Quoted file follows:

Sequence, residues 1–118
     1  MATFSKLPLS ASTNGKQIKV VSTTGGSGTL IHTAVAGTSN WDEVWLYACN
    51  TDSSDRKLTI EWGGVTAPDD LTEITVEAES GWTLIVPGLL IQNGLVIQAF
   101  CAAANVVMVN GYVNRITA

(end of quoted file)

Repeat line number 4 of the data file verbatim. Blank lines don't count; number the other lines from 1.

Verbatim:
   101  CAAANVVMVN GYVNRITA